How is Whey Protein Made?
Whey protein has been a popular sports nutrition supplement for over 20 years. Its a high-grade globular protein found in milk that contains many additional vitamins and nutrients (such as vitamin D & amino acids).
Creating whey protein begins with milk from dairy cows. Once collected, the milk is sent to a processing plant where it is curated and pasteurized to kill any bacteria. After pasteurization, some of the milk is transported to a different plant to make cheese.
During this cheese creating process, certain enzymes are mixed with the milk that create the chemical properties of the milk to separate the curd from the liquid. The curd is taken to make cheese, while the remaining liquid is the whey.
The protein is then extracted out of the liquid whey through a complicated dehydration process that turns it into a powdered substance. This dehydration process must be done with extreme care, and utilizes specialized equipment in order to ensure that the molecular structure of the whey protein doesn’t change and all of the desirable properties remain.
Different Types Of Protein
There are different variances in the type of protein powder that is created depending on the process. This results in three different forms of whey protein:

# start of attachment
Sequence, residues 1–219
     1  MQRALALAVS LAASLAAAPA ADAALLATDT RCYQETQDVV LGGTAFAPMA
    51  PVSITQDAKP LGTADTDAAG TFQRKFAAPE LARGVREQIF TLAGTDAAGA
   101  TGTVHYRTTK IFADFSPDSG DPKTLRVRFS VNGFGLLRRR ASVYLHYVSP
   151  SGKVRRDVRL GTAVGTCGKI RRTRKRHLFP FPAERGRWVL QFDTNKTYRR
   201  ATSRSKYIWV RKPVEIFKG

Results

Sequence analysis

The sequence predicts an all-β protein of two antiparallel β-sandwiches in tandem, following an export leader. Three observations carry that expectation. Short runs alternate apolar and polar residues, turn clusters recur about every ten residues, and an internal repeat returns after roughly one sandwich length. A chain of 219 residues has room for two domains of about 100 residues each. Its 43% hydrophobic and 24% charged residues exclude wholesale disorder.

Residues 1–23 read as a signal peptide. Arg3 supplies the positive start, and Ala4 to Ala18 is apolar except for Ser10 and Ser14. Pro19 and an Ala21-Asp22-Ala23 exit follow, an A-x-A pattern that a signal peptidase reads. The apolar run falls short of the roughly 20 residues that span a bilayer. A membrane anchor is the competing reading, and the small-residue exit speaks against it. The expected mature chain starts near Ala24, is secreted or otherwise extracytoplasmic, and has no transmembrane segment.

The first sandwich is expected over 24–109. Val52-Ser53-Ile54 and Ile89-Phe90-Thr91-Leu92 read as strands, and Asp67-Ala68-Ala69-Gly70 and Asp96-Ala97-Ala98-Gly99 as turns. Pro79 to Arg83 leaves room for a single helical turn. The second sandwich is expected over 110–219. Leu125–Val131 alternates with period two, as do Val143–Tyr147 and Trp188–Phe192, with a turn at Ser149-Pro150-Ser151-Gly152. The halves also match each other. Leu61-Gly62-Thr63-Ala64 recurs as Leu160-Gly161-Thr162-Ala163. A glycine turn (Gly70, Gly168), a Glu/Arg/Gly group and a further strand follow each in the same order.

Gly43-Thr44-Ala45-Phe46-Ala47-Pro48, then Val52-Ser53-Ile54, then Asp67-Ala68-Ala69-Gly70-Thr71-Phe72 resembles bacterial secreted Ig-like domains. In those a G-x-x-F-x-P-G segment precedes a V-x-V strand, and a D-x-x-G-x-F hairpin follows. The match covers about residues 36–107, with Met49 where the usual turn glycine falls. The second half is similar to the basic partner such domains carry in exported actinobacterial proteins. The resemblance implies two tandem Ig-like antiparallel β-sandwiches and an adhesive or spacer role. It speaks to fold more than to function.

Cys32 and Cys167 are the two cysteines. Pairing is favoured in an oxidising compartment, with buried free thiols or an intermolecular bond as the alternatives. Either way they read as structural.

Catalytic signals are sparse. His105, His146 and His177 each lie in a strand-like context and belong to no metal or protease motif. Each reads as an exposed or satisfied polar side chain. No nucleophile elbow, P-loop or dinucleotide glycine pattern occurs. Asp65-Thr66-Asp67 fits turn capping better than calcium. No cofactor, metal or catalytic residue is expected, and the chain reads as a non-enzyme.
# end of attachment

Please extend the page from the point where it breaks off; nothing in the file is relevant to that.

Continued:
- Whey Protein Hydrolysate– This is a protein that has gone through the most extreme processing to empty out almost all the milk from the composition of the whey. As such, it is the most expensive of all three forms of whey protein, and helps individuals who have a propensity to be lactose intolerant.
- Whey Protein Isolate– Isolate protein is almost entirely pure protein after the dehydration period. It is refined several times over to the point where almost all of the milk has been emptied out of it, though not as much as hydrolysate. This is why isolate protein is widely used by individuals who want higher quality protein in their body to help develop large muscles.
- Whey Protein Concentrate – This is the least processed of all forms of whey protein. This has only gone through the dehydration process a single time, which results in it being between 25% and 80% protein (depending on how fine the processing was done). The remaining parts are lactose and fat. This is a more popular style for the general population due to it being cheaper and easily accessible.